9 Tons of Clutter
8 Million Hours a’ Washin’
7 Years a’ Dateless
6 Tee Pounds a’ Lingering
5 Per-cent Brain Loss
4 Million Days of Whining
3 Years of Chaos (Is Cameron really only three?)
2 Saggy Mammaries

And a Man-da-tory Hysterec-to-Meeeeee!

I guess I could also write it like this:

On the twelfth day of Christmas,
Motherhood gave to me…

12 Thousand Hugs and Kisses
11 Tons a’ Handmade Art
10 New Ways to Love
9 Hundred Hours a’ Dancing
8 Million Times a’ Cuddling
7 Years of “Love Yous”
6 Thousand Fits a’ Laughter
5 Beams of Pride
4 Little Feet
3 Times a Bigger Heart
2 New Reasons to Live

And the Most Precious Gifts That I Have Eeever Haaaad!

I could, but then people might think I’ve gone soft…

Sunday, October 24, 2010

On Thanks-gaming...

I should love this time of year: the leaves embrace fall fashion, the sun is shining, the air is crisp, and everybody is gearing up for the magic of the holidays…and then there it is, the big crack in my personal paradise. Fall sports season. Almost any day of the week you can drive through a typical suburban neighborhood anywhere in America and see not-so-festive flickering lights in nearly every house on the street as someone lurks inside watching games, games and more games, while the kids exploit the lapse in supervision to put one of their Hot Wheels in the microwave. Picture-in-picture, dueling television sets, computer screens, cell phones – you name the multimedia device –they’re using it for sports numb. I’m not just complaining about the men either. I recently lost at least six ladies to a local college football game when I hosted a baby shower – and that included one of my co-hosts. I’m thankful for a lot of stuff, but the very dependable tradition of fall sports addiction is not one of them. I say, bah humbug to it all.

Last week my husband told me that I “didn’t understand.” That the fall sports season is the “perfect storm for sports fans.” Then he went into an energized rant as he rattled off all the pieces to the puzzle: pro football, college football, major league baseball playoffs, pre-season pro-basketball— even hockey season —all coming together to make him forget he has kids and a wife who is still struggling to rebuild brain cells from her two swings at pregnancy. In fact, I hadn’t seen him that animated since he rediscovered his whitewashed Guns & Roses jacket in the attic last winter.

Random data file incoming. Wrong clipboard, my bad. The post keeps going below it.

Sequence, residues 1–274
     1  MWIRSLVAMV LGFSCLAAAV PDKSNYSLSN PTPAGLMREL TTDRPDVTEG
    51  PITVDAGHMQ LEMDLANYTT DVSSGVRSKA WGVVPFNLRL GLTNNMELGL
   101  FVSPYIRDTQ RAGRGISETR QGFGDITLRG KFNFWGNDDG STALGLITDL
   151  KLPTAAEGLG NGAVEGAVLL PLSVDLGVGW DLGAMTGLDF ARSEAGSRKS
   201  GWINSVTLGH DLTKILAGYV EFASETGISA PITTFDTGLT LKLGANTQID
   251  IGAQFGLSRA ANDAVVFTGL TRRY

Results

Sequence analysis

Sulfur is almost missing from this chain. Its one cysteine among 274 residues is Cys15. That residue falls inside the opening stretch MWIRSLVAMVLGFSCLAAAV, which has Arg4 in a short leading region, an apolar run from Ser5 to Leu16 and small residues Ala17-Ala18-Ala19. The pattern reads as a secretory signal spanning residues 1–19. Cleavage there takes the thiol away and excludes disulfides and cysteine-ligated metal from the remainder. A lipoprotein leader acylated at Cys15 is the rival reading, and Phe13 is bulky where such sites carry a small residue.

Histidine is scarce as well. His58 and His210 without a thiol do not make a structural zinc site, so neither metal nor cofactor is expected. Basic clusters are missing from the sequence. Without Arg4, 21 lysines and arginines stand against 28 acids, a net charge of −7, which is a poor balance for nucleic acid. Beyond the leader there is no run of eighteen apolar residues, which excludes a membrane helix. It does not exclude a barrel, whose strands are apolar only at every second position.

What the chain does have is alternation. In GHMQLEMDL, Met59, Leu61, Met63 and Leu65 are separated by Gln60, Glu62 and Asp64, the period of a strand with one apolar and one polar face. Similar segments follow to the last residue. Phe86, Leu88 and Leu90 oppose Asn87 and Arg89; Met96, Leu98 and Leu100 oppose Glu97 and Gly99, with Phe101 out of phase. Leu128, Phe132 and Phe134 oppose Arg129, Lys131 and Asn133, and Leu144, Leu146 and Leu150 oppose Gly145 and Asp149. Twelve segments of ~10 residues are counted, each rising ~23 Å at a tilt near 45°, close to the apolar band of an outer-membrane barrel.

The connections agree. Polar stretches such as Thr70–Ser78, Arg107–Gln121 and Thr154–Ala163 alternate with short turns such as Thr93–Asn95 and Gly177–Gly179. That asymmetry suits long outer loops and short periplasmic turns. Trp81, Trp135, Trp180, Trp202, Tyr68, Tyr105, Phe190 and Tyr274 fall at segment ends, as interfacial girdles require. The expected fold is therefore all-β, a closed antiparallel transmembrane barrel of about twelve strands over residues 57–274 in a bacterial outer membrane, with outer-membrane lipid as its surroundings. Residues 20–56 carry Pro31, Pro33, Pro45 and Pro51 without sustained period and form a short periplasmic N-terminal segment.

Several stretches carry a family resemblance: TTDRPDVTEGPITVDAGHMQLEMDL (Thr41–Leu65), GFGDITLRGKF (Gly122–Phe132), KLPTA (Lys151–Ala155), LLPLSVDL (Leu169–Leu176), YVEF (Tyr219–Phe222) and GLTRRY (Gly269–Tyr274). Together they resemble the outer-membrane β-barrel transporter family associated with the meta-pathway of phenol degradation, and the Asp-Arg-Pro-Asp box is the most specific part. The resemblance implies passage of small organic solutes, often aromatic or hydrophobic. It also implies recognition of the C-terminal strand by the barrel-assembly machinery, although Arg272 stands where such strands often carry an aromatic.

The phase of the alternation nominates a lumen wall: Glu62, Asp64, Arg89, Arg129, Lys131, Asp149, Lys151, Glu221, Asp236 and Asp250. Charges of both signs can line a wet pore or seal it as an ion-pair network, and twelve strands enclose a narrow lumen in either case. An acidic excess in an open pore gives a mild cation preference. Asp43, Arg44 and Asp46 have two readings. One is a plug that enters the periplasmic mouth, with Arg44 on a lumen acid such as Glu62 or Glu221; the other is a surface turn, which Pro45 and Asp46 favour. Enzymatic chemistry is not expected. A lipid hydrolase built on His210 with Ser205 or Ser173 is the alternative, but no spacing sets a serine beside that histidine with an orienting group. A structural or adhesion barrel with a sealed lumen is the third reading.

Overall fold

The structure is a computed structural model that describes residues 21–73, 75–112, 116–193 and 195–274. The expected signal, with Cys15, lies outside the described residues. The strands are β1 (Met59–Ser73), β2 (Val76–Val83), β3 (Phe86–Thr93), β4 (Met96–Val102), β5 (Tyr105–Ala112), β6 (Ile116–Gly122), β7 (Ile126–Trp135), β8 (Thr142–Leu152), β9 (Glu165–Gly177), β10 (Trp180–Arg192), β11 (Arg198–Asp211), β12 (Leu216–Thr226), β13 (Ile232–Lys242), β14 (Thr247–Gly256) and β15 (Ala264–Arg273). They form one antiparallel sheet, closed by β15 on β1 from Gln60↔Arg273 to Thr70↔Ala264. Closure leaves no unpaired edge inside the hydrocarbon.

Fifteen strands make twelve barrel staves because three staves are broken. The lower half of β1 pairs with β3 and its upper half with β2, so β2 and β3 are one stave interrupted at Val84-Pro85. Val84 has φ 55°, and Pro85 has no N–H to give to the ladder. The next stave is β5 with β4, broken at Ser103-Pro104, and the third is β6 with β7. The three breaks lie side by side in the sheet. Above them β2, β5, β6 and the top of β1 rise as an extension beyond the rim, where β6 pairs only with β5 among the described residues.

I know I’m a girl, but I seriously don’t get it. I used to play sports so I technically get it, but assuming the couch position to watch other people making big bucks to play a game seems painful. Pretty soon it will be Thanksgiving Day, the mother of all spectator sports days, and a tradition that’s been in place since the 1920s. I know because I looked it up. I don’t even think people care what they’re watching after awhile — they’re just mesmerized by the flying pigskin and pretty lights on the big screen. And sitting in front of the TV means you won’t have to hear Aunt Ida talk about her latest colonoscopy results.

I asked my husband the other day if we could take the kids for a hike and enjoy the beautiful weather. His eyes were shifty as he so eloquently said, “uh, well…um…” to which I responded with an impatient, “What?” So he just came out with it. “Well, my game is on at 3:30.” “YOUR game?” I repeated. “I’m sorry, YOUR game? Really?? Are you getting any monetary benefit from wasting three to five hours of your life that you can NEVER get back sitting in front of the television getting an ulcer while you’re giving directives to people who can’t hear you, and furthermore don’t care? I sincerely hope so, because you’re going to need it for the marriage COUNSELORRRRRR!”

I know there was a reason I married him, but just by looking at him now, you wouldn’t think he’s the smartest member of the fan base, or for that matter anyone who could have turned my head. All his goofy hats come out, previous championship t-shirts, and we don’t have any, but if we did, no doubt all the appropriate team flags and blow up sports paraphernalia would be garnishing our lawn and car. I ask him to tape the games so he won’t miss out on life, but he insists, again, that I “don’t understand.” He has to watch it live because it’s “history in the making” and if he’s not “there” apparently he can’t claim it as part of his own history. To which I say it is NOT part of your history, because if it were, I’d have a nanny, a gourmet chef, a personal trainer and be spending my holidays beachside living the dream on our shared profits.